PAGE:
During our review, we found representations about the BayRICS Policy Group were generally made in three documents: (1) the cooperative agreement between the Alameda County Sheriff and Motorola, (2) Motorola’s BayWEB application, and (3) supplemental information request responses provided by Motorola to NTIA during the agency’s pre-award due diligence. The Alameda County Sheriff's Office, acting on behalf of the BayRICS Policy Group, and Motorola entered into an agreement on March 15, 2010. While the agreement was contingent upon a successful grant application, it made representations about the BayRICS Policy Group such as: “The Sheriff will facilitate, through the BayRICS Policy Group, site access and continuous use of a minimum of 150 ‘shovel ready’ sites (as agreed by the parties) that are owned or leased by the BayRICS participants within the ten (10) county San Francisco Bay Area region so that Motorola may install Network and Ancillary Systems equipment at these agreed sites.” Motorola's application, submitted to NTIA on March 26, 2010, made several representations about the BayRICS Policy Group, including: “The Public Safety subsystem will operate on 700 MHz frequencies and requires FCC approval, which has been requested by the BayRICS Policy Group.” Subsequently, Motorola submitted responses to NTIA's supplemental information request, including the following representation about the BayRICS Policy Group: “Finally, the BayRICS Policy Group provides advice to the Executive Sponsor, Alameda County Sheriff’s Department, on how the Bay Area region might best use cost effective and cutting edge communications technology to become a recognized leader in providing public safety services desired by citizens, businesses, and government organizations.” In our May 2011 review of documentation related to the preparation and submission of the grant application, we found that Bay Area UASI staff believed that there would be time between the submission and the award announcement to finalize other details of the partnership. In that time, the team would focus on setting up the BayRICS Policy Group and reviewing a proposed governance agreement and bylaws. BayRICS Policy Group meeting minutes indicate that the first meeting did not occur until July 7, 2010, approximately 3 months after Motorola submitted the BayWEB application and only a few weeks after it provided supplemental information during due diligence. As such—contrary to representations made throughout various documents submitted in support of the BayWEB application—evidence does not demonstrate that a functioning governance entity existed at the time the application was submitted. The current state of affairs stands in stark contrast to the representations in the application. On August 8, 2011, the Board of Directors for the BayWEB governance entity—the Bay RICS JPA—met for the first time, nearly a year after NTIA made the award. During this meeting, the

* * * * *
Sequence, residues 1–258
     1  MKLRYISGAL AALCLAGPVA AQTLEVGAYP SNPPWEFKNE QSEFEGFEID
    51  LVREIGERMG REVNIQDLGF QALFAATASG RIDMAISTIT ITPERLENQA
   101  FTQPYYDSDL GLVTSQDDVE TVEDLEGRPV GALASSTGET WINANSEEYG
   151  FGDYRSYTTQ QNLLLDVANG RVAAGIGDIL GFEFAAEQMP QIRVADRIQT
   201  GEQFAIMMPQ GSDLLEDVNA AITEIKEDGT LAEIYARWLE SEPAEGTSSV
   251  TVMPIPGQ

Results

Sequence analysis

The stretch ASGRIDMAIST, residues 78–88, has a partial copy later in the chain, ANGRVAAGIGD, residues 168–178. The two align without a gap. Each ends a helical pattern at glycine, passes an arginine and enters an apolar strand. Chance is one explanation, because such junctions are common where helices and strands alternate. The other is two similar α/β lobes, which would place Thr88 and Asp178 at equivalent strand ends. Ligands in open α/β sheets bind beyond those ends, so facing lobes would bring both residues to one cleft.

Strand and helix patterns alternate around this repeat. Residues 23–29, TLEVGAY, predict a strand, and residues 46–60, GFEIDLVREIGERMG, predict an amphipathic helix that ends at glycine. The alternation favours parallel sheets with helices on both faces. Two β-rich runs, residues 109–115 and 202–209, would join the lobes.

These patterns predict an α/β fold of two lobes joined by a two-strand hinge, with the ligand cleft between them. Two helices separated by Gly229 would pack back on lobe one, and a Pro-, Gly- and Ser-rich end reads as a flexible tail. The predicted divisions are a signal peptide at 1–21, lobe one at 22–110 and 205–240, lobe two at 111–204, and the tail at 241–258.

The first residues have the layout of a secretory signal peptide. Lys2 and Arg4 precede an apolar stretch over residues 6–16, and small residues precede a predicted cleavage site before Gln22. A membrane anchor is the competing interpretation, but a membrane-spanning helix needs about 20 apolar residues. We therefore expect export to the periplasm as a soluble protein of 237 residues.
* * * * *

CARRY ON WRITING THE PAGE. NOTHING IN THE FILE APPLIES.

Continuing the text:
Board ratified the establishment and membership of the Technical Advisory Group (TAG), which is responsible for supporting the JPA by assisting in the BOOM negotiations with Motorola for BayWEB. According to a September 2010 communication with NTIA, Motorola estimated that the BOOM agreement would be executed in approximately 2 months from that time. Then—with the JPA not yet formed and the BOOM agreement still not executed—NTIA, after a March 2011 site visit, set a deadline of July 1, 2011, for execution of the BOOM agreement. However, due to delays in forming the JPA and negotiations of terms, the agreement has not been signed as of the date of this memorandum. The project has been delayed as the grantee and local officials attempt to remedy this deficiency. The length of time required to reach these milestones indicates that what the grant application portrayed as a strength of this project—the purported existence of a governance body—was in fact a potential risk requiring significant time and effort to address. The Application Misrepresented the Degree of Project Readiness Santa Clara and San Jose also raised concerns about the readiness of some of the sites to be used as part of the BayWEB project. According to Santa Clara and San Jose, considerable expenditures would be needed to make the sites listed in the grant application suitable for the project. The BayWEB application touted the project’s “shovel readiness” no fewer than four times, making clear an expected advantage from leveraging existing sites. The use of existing sites (all of which—according to the application—were themselves “shovel ready”) would allow the project to be “deployed in an efficient and cost-effective manner.” The application’s reference to “shovel readiness” conveyed a level of preparedness portrayed as advantageous, especially given the short time frame to execute the grant-funded project. Although the term “shovel ready” is widely used throughout Recovery Act programs, the Recovery Act and the Notice of Funds Availability for BTOP’s first and second funding rounds do not include or define the term. As part of our review, we asked interviewees to define the term. The responses varied greatly and reinforced the notion that a single definition did not— and likely still does not—exist. NTIA’s initial review of the application yielded a question on the environmental technical feasibility of the proposed project that elicited additional information regarding the readiness of the project. The response, technically from Motorola but also reflecting the position of UASI, stated unequivocally that: “The BayWEB project will use existing infrastructure—including established radio sites, towers, and equipment rooms—there is no need to construct new buildings or other structures, renovate existing structures, or otherwise disturb any property.” However, our evaluation made clear that Bay Area UASI performed insufficient due diligence— prior to the application’s submission and in a supplemental request—to confirm that the proposed sites were uniform in condition and required no construction or renovation. Yet such assertions were made in the original application and in response to NTIA’s follow-up questions.